It won’t come as any surprise that I strongly believe that what we do with our time matters to our health and happiness. Engaging in occupations and completing activities that we value is central to this. What we consider of value is highly individual. While generally there is agreement that a broad category of occupation is valuable, for example work, there will be individual differences as to the specific kind of work that provides value to us. The same can be said for leisure activities, social activities, and self-care activities.
In occupational therapy/science this is referred to as occupational value. It is an important concept as it influences our decisions regarding our time use and therefore has relevance to our mental and physical health and the extent of our happiness.
Completing a time use diary can tell you a lot about what you value and may also give you some hints as to what brings you happiness. You will also notice from this exercise that there are some activities you regularly do on auto pilot or because you believe it is expected of you? What value do these have? No doubt some but maybe in a different way. You may also notice something missing from your current daily and weekly routine.
I recently completed a training course that extended my understanding of occupational value. It was delivered by Prof Lena-Karin Erlandsson, an Swedish authority regarding the importance of occupational value. I learnt that rather than a singular concept, occupational value has three elements – concrete value; socio-symbolic value; and self reward (immediate experience). Any occupation can be considered in terms of what value it provides in each of these three elements. It is important to stress that not all occupations will bring value in each element. For example an activity like washing the dishes after dinner has (1) the concrete value of clean dishes ready for use for the next meal and a hygienic living space (2) the socio-symbolic value of demonstrating an awareness of societal norms for keeping one’s living environment clean and, if sharing a living space, the gratitude of others for this contribution to the collective responsibilities. However it may not bring any self reward value.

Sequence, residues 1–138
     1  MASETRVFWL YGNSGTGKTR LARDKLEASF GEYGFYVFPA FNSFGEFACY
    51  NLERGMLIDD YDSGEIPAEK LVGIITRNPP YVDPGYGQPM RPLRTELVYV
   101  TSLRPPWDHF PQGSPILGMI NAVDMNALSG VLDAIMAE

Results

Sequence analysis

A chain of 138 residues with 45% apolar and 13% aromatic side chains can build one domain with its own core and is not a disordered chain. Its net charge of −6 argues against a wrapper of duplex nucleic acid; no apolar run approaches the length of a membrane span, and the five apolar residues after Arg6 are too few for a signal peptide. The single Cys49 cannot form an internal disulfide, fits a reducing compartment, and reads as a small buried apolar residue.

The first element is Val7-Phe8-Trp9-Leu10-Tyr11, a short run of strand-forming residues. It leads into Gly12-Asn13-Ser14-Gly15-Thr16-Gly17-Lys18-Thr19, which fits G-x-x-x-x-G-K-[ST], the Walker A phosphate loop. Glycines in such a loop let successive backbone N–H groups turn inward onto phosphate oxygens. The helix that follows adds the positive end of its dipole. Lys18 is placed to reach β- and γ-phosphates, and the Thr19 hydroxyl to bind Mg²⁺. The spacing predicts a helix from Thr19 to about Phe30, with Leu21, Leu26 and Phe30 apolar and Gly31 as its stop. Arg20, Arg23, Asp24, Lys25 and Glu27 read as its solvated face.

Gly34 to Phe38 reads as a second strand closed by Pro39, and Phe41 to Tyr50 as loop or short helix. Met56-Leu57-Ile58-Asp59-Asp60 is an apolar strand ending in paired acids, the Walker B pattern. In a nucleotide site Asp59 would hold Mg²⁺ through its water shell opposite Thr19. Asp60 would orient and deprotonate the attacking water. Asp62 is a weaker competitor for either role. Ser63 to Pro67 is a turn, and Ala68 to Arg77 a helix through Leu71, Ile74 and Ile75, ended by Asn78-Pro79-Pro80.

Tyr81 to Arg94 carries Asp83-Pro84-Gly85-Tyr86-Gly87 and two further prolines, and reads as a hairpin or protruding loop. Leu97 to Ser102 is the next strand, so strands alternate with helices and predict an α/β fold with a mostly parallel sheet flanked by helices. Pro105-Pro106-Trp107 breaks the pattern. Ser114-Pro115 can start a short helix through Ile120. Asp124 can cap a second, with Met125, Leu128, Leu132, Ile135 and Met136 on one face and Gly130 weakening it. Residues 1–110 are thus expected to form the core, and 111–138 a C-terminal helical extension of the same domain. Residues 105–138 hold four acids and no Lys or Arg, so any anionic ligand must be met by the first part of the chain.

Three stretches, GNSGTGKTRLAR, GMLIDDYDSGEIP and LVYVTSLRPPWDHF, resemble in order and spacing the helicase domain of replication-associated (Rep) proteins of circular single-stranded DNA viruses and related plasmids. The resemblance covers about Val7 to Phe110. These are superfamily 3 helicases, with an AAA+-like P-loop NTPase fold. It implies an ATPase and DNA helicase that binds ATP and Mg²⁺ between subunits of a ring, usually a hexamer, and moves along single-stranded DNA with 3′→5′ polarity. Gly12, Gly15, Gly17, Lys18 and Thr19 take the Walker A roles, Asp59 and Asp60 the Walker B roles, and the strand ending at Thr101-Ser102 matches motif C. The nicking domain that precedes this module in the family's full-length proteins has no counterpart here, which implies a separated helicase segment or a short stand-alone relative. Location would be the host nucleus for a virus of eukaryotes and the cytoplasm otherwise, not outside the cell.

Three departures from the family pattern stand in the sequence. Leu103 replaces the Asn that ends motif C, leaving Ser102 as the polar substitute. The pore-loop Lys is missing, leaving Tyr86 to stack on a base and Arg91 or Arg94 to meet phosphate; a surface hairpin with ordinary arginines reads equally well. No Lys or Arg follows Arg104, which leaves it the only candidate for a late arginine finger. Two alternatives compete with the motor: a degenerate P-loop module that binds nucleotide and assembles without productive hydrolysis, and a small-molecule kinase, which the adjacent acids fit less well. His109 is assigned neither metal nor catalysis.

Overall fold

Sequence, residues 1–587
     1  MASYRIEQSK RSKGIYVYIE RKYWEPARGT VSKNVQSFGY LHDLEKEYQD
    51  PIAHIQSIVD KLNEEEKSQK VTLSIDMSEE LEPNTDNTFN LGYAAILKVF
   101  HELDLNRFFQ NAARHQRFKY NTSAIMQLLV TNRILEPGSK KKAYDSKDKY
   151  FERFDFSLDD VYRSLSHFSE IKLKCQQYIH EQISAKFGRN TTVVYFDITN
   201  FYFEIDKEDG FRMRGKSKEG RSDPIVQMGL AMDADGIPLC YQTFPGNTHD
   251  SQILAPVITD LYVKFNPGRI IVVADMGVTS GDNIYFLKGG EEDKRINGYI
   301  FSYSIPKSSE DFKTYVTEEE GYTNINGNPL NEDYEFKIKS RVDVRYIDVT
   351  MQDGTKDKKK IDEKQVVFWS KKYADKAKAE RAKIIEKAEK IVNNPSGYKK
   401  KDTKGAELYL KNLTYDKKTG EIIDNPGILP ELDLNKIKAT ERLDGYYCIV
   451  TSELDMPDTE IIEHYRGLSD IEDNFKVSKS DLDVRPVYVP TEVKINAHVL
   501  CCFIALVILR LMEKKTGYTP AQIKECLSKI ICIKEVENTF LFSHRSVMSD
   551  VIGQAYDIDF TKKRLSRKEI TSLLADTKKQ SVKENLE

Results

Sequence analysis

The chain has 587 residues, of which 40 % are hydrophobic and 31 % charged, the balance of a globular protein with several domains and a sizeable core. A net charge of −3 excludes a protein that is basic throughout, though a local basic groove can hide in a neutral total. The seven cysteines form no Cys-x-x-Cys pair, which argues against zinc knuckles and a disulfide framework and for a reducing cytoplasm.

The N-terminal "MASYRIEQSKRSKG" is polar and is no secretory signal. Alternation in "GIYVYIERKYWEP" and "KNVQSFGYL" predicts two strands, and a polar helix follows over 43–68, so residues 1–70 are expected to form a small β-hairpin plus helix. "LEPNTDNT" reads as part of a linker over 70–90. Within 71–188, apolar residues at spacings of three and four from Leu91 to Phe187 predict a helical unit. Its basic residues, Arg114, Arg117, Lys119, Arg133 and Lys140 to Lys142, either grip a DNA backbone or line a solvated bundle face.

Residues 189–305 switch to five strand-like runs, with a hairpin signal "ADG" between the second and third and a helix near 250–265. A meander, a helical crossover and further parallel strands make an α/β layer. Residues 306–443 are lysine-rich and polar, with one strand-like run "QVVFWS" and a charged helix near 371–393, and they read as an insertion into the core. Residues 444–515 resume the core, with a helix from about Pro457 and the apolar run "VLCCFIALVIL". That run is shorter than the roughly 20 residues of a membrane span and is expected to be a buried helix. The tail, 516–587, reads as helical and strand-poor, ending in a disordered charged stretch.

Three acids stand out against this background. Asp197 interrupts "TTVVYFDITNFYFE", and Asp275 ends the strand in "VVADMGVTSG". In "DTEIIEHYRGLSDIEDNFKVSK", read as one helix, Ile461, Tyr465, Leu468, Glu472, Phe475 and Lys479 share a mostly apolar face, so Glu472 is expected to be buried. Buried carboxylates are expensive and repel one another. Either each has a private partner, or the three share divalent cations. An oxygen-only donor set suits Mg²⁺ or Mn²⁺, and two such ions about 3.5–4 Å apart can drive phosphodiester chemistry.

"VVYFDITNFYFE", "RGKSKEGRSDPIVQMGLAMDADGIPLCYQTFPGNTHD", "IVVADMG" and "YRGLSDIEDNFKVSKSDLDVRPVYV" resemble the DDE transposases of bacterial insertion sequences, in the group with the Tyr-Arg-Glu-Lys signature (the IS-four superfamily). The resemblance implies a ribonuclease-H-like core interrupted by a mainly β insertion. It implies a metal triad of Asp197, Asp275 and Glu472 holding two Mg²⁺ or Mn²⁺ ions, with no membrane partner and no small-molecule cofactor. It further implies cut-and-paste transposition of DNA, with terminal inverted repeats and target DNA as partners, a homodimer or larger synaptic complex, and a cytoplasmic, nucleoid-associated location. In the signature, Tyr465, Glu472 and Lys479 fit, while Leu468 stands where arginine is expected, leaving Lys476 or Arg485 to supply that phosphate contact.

The obvious question is whether it is worth considering our occupations in this way. Is it a waste a time? A lot of trouble? If you consider the saying, one that I happen to use a lot, “you can’t spend time twice”, you’ll guess my view. Knowledge of how much time we spend engaging in the self rewarding occupations and how much is spent on those that are restricted to bringing concrete and/or socio-symbolic value provides information to make decisions and important choices for our health and happiness.
In the future I’ll be providing a programme for people curious about this area to learn more and make changes to how they spend their time so they experience more self reward. If you’d like more information feel free to email email@example.com
I was recently chatting to an occupational therapy colleague about the programme she works on. People with mental health difficulties attend. The aim is to increase participants confidence and skills in preparation for going back to work or education. As part of our chat she reminded me about one of the core areas of occupational therapy practice – using occupations to develop, practice or maintain a variety of essential daily living skills.
The skills I have in mind are those we heavily rely on but often taken for granted. For example, social skills are needed for teamwork and used in many leisure and productive occupations. However, there may be limited opportunity to practice these if a person is not working or engaging in their usual leisure pursuits. This can be compounded by low self-confidence, anxiety and lowering of motivation. As a result, social skills can be lost over time. Another example is concentration. Being able to concentrate is necessary for most activities. Within self-care, cooking and shopping are good examples of activities that are dependant on concentration. Productive occupations rely on concentration for completing the steps of complicated tasks, following instructions and learning new skills. Many leisure activities also include the need to concentrate in order to enjoyably participate. While it can be hard to imagine losing these skills it happens more often than people realise. People who have had difficulties with these everyday living skills will attest to how difficult life can become as a result.